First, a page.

Gay Bars, Gay History
More than gin joints, they were our town hall, our town crier, our safe havens — and they still have a role to play in our lives
Written by Steve Weinstein
The recent news that the nation’s oldest gay bar is closing has focused attention once again on the beleaguered state of our most hallowed institution, the local gay bar.
The Cedar Brook Café, is located in tiny Westport, CT (that’s where Lucy and Ricky Ricardo moved when they left New York City.) That might be an unlikely place for such a landmark. But it actually embodies the unique place the gay bar holds in American culture.
For decades, gay bars served as the place where gay men and lesbians came out. They served as our town hall, where injustices were discussed and coping mechanisms were worked out. They were the place where information was disseminated, everything from what park the cops were raiding that week to a gay bashing. Most of all, they were our safe havens. They were the only places were we could be ourselves. The only places where we could be gay.
More than one historian has commented, as did the New York Times’ Stephen Holden, in a recent review of a new documentary, Stonewall Uprising, that, “gay bars offered the same kind of social haven for an oppressed minority as black churches in the South before the Civil Rights movement.”
Read any of the recent histories (they’re all recent, because until the 1970s, we were essentially invisible and certainly not a worthy object of study) of gay life in America before Stonewall. All of them spend most of their time discussing bars.
And what about Stonewall? Do you believe that it was some cosmic joke that our Bastille, our Bunker Hill, was ...a bar? Stonewall (Riots or Rebellion — take your pick), as everyone now knows, was a seedy, dark Mafia-controlled dive bar in Greenwich Village, where, on the evening of June 28, 1969, the police came in to make a routine sweep of arrests of queers for the crime of socializing together. The resulting three-day disturbances along Christopher Street and environs were our Big Bang, the explosion that set the modern gay-rights movement in motion.
In fact, Stonewall was not the first police-gay bar riot. There were two others, both on the West Coast. Technically, the Compton Cafeteria Riot of 1966 was not “gay” per se, but transgender. The patrons of a popular eating spot in San Francisco’s Tenderloin were picked out for cross-dressing. Gay men and lesbians joined an impromptu picket of the cafeteria. There was another fracas in a bar in West Los Angeles only a few years before Stonewall.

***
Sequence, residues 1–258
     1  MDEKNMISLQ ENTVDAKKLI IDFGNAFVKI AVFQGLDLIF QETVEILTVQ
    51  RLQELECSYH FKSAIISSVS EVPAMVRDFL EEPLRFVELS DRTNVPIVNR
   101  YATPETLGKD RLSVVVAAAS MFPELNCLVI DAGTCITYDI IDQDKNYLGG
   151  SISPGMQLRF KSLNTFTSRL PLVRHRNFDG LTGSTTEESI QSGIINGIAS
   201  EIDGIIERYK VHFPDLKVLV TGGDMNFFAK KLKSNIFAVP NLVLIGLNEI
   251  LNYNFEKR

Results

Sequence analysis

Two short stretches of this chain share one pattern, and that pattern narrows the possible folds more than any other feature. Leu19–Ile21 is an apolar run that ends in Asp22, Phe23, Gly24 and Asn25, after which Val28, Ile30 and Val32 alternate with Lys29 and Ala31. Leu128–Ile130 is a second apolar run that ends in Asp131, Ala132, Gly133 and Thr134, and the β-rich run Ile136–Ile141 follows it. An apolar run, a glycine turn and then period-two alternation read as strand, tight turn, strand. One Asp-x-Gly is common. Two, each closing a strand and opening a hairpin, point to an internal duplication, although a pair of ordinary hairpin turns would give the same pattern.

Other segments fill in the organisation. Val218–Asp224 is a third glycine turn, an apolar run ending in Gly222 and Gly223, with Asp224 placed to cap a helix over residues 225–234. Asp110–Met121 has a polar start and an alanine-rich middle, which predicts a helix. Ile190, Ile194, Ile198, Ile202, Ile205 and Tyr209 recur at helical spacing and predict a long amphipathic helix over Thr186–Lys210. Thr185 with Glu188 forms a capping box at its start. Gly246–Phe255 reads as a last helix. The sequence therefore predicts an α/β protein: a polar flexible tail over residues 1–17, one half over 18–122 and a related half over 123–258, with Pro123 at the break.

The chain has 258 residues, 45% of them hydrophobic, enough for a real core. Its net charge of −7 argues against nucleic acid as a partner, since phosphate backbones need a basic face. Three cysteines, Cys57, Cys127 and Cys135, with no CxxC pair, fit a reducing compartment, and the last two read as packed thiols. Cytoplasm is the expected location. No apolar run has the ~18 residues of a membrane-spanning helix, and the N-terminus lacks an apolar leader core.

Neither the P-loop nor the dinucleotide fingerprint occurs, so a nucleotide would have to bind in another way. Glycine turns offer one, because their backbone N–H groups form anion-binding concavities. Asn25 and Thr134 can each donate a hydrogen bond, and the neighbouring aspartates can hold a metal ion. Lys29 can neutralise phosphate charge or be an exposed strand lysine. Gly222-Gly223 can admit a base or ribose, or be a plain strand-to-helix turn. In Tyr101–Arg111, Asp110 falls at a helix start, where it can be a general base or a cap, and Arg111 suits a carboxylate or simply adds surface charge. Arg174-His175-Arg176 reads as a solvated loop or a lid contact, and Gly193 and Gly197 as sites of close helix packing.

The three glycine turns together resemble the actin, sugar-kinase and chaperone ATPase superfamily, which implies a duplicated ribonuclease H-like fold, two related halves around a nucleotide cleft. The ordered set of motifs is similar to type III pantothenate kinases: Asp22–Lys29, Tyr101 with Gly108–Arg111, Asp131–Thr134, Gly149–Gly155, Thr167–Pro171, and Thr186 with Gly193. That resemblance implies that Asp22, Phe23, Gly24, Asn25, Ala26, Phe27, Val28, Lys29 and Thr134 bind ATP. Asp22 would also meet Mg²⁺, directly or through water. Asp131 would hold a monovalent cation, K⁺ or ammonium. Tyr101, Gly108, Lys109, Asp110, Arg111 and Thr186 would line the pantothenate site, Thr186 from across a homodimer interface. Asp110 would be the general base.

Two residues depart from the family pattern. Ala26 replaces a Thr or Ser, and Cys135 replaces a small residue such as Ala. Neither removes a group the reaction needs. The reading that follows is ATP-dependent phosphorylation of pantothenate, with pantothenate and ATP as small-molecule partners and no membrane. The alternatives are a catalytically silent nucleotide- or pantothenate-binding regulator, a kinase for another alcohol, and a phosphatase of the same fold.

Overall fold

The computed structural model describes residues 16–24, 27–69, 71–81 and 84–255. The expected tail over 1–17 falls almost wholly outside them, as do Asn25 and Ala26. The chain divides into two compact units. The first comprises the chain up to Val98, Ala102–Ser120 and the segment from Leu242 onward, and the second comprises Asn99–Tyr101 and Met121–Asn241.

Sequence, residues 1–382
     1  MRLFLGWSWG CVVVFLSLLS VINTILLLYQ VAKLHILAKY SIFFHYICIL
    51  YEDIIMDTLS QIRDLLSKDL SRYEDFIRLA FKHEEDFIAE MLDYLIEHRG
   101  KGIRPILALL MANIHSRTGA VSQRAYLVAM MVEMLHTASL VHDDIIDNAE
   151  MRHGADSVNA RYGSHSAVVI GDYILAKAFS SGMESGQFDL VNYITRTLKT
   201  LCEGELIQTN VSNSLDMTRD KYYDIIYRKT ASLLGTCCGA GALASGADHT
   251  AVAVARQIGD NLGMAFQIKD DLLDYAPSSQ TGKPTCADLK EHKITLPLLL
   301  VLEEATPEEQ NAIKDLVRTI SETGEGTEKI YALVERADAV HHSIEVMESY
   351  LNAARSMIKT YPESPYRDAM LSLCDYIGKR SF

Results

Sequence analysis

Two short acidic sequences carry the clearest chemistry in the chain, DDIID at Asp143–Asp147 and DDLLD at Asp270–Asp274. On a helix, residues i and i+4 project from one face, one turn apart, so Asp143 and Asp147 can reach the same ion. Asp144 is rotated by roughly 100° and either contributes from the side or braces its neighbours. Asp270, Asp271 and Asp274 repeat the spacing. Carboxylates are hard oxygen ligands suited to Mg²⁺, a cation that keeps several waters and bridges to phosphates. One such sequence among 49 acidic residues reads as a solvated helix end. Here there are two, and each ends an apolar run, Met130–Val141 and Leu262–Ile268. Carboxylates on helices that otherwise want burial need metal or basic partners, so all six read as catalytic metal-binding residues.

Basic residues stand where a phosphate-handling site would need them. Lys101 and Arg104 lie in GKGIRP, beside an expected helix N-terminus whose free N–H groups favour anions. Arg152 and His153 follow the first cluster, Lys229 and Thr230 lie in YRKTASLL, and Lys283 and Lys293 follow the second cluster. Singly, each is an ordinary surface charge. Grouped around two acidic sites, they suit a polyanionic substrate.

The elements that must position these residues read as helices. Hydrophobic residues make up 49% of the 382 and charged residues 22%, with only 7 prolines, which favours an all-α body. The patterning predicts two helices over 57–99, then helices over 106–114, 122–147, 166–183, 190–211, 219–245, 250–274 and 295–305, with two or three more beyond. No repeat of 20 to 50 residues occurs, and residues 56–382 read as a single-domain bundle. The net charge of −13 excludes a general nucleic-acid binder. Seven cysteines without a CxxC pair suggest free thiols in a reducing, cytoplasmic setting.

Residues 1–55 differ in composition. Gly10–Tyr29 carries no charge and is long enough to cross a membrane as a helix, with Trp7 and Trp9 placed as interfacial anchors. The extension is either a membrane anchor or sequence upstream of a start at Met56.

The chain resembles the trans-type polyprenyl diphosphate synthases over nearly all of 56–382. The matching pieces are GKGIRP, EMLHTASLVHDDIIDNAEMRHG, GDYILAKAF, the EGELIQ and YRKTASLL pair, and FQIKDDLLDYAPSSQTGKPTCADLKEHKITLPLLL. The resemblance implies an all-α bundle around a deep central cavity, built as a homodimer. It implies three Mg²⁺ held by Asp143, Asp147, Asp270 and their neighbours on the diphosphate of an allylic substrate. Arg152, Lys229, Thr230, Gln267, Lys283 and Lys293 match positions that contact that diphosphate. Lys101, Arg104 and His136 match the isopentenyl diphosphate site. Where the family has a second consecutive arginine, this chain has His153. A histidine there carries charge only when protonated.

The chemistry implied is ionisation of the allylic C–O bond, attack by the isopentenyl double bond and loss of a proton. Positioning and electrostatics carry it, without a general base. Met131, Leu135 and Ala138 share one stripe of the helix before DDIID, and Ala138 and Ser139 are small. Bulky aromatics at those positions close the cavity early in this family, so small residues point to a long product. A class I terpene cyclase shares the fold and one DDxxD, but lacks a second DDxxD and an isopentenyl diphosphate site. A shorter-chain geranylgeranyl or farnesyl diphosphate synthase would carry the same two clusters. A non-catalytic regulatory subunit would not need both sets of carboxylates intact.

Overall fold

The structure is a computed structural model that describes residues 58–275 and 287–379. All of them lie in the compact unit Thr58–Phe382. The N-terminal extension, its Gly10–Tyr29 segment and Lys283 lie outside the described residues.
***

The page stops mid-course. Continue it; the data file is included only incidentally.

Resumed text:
What happened at Stonewall was world historical because it marked the first sustained populist action by LGBT people against repression in modern times (aided by the anarchists, hippies and radicals who made up much of Greenwich Village at the time). It also was in the right place at the right time, coming as it did in an area of a big city amenable to radical causes and at the end of a decade that had seen a burst of “liberation” movements among aggrieved people. And it could only have happened at a bar.
That’s the point: We were rioting over a bar. Too many people these days see gay bars as anachronisms. People in 1969 knew how to fight for their right to party.
Today, we hear that it’s a different story. Who needs bars to meet other gay folks, some say, when we have Manhunt and Facebook? Some argue on moral grounds: Bars are for, well, drinking, and it’s true that LGBT rates of alcoholism tend to trend upward of the general population. Furthermore — or so the argument goes — why should we be ghettoizing ourselves? We’re welcomed in straight bars and (as I wrote in a recent issue of noiZe) straight people are welcomed in ours.
The popular sentiment has gotten so widespread that Entrepreneur magazine, in a widely quoted article on the 10 most endangered businesses, put gay bars right up there with film camera manufacturers and used bookstores.